Sunspots emanate Divine Presence even in the absence of CME's, but in subtler form. With or without flares, the receiving of solar emanations of this order opens human beings to the Divine inflow in greater measure: we receive a greater portion of the energy of the Holy Spirit.

Summarizing the action of solioonensius, it's important to understand that while it makes it possible to revitalize one's sense of the sacred—presuming one's inner work is active—and immeasurably deepens the active sensation of Being, it is not a form of work per se, but a form of Grace—a gift that accelerates inner development.


This discussion will conclude in the next post. 

Hosanna.


Lee van Laer is a Senior Editor at Parabola Magazine.

Monday, September 5, 2016

On Solar Emanations, Part I


Incense burners, Saigon


''...the beings of other planets await the action of Solioonensius with impatience because thanks to it the need for evolving, in the sense of acquiring Objective Reason, increases in them by itself."

—Beelzebub's Tales, page 571

In ancient times, priesthoods had to undertake complex astronomical calculations (especially if they lacked sensitive adepts) to advise their kings, religious organizations, and populations of the best times to conduct intensified religious efforts. Nowadays, we have the benefit of sophisticated solar telescopes to achieve the same results. Only knowing the precise nature, however, of the sun's actions can enable us to understand what potentials lie here—potentials deeply tied to cosmological law and the laws of world-creation and world-maintenance.

Gurdjieff once said he was "in the solar energy business," and although we may, in this day and age, see it as a technologically prescient witticism of one kind or another (it's tempting to see humor in it) he meant it quite literally. It is, you see, certain that like ancient priests, he felt the emanations of the sun directly and organically, which is a capacity the organism can, and will, develop if enough inner work is done.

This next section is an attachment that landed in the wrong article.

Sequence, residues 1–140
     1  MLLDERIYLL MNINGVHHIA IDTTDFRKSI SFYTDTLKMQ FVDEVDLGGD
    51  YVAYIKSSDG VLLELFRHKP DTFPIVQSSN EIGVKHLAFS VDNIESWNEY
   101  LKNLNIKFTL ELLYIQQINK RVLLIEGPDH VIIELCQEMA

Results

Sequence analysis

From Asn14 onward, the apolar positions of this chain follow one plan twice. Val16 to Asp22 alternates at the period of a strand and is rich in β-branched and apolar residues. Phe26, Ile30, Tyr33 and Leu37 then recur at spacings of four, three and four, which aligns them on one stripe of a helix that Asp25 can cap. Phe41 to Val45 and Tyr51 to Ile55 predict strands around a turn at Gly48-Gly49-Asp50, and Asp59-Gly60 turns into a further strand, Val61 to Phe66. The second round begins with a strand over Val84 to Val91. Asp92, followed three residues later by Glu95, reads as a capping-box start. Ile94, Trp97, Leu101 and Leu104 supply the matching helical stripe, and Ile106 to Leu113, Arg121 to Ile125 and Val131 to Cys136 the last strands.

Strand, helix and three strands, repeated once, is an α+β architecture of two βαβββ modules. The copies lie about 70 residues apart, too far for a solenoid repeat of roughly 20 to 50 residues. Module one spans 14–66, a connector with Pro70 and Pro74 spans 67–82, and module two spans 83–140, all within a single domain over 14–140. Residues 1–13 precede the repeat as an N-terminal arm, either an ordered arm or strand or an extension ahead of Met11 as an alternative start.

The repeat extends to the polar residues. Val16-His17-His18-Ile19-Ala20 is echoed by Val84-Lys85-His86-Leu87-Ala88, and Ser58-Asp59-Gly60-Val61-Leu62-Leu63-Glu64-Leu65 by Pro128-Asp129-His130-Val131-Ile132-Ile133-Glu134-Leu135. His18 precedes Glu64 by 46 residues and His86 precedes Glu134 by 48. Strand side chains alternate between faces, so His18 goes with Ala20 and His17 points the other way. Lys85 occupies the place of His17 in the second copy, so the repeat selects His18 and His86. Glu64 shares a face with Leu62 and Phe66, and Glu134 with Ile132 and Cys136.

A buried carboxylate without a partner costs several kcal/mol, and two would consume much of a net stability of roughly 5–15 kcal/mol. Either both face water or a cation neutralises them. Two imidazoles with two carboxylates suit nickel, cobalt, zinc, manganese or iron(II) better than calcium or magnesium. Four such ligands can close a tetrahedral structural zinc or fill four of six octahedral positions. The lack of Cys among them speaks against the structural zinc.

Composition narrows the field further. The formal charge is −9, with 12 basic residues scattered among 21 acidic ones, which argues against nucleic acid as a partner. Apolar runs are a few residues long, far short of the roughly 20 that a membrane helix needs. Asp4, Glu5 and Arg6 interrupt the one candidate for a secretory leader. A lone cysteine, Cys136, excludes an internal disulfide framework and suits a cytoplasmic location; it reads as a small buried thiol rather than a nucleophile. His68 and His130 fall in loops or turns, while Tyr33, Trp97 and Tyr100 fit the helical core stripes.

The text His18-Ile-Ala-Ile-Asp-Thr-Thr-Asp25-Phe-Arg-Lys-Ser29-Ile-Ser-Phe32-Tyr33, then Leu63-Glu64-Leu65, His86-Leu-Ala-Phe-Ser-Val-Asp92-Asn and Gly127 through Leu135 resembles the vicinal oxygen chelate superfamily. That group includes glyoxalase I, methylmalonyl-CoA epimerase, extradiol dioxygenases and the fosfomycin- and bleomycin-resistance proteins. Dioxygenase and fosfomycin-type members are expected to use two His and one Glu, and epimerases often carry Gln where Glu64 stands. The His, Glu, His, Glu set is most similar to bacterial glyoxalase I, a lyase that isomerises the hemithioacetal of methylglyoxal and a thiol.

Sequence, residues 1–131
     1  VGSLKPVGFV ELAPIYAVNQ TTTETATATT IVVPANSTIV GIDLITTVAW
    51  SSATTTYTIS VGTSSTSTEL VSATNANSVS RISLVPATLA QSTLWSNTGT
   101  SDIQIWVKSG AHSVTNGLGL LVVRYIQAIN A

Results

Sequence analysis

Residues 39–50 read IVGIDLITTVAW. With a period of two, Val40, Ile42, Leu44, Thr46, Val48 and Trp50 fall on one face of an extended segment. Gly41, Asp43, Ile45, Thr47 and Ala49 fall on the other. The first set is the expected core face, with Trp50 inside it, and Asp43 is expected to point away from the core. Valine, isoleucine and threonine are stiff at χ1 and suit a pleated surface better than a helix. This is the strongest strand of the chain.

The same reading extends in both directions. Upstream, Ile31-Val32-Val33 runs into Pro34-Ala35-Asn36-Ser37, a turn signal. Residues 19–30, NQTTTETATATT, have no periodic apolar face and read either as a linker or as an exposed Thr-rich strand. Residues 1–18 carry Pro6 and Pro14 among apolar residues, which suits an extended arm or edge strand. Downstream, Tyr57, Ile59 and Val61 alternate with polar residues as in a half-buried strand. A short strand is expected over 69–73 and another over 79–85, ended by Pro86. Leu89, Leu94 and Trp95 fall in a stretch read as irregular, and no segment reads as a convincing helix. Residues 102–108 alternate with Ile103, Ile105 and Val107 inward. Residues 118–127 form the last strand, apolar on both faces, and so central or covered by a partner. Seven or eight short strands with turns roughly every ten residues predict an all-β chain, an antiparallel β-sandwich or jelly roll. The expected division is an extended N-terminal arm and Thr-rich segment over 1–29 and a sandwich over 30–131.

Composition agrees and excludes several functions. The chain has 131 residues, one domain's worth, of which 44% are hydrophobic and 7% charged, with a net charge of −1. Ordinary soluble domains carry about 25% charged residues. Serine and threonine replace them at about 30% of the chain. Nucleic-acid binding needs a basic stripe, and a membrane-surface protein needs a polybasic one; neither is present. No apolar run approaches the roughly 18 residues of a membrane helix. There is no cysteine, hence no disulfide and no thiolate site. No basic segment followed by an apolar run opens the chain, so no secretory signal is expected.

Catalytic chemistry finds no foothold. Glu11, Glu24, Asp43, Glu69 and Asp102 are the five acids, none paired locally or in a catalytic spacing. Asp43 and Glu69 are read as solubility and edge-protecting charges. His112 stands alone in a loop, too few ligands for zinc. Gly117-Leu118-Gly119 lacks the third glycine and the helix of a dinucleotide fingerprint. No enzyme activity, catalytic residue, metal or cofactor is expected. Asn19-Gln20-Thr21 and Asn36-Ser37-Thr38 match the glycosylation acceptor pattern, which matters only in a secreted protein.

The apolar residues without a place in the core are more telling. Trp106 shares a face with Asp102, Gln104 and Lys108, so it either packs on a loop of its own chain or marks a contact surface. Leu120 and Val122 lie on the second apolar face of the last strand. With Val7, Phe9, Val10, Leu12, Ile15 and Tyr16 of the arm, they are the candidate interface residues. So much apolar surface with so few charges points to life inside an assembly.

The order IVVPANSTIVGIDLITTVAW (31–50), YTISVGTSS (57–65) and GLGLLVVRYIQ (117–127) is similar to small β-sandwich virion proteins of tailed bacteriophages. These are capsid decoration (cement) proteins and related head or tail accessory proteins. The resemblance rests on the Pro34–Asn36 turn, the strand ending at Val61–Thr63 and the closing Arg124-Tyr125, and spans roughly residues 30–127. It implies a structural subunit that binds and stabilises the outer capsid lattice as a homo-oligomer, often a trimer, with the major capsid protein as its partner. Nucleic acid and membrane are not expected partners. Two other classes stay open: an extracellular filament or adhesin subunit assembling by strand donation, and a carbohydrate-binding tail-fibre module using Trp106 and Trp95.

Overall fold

As in Patanjali's sutras on the various methods of acquiring yogic power, the ability to sense solar emanations can be acquired in several different ways. It can be conferred through long and arduous inner work effort; or it can be given as a Grace (much less common) or acquired temporarily through the use of drugs, principally psychedelics. In the first case the principal vehicle through which one can acquire the capacity for such receptivity is suffering; and the various traditions, including Gurdjieff's Fourth Way, have certain levels of understanding on this matter—some allegorical, some quite literal and still others which (as in Gurdjieff's case) are metaphysically correct, if extraordinary and challenging.

In any event, these abilities can be acquired; and once they are, an adept working under the influences becomes organically sensitive to solar emanations, which are (to us) primarily electromagnetic in nature. I say "to us" and "primarily" largely because emanations, which are of a different class entirely than radiations, are not electromagnetic and cannot be sensed using ordinary physical instrumentation, since they are spiritual in nature and made of materials too fine to measure using ordinary physical tools. As it happens emissions from the sun always include a perfect balance of natural and spiritual parts, only one of which (the natural part, radiation) can be detected and measured using natural (scientific) instruments.


We'll continue this discussion in the next post. 


Hosanna.


Lee van Laer is a Senior Editor at Parabola Magazine.

Sunday, September 4, 2016

Prayer for Mercy




This recording of the Gurdjieff/De Hartmann piece "Prayer for Mercy" features Don Olson on Piano.
Published and presented with Don's permission.


Friday, September 2, 2016

Guilt, part IV—Spiritual scrubbing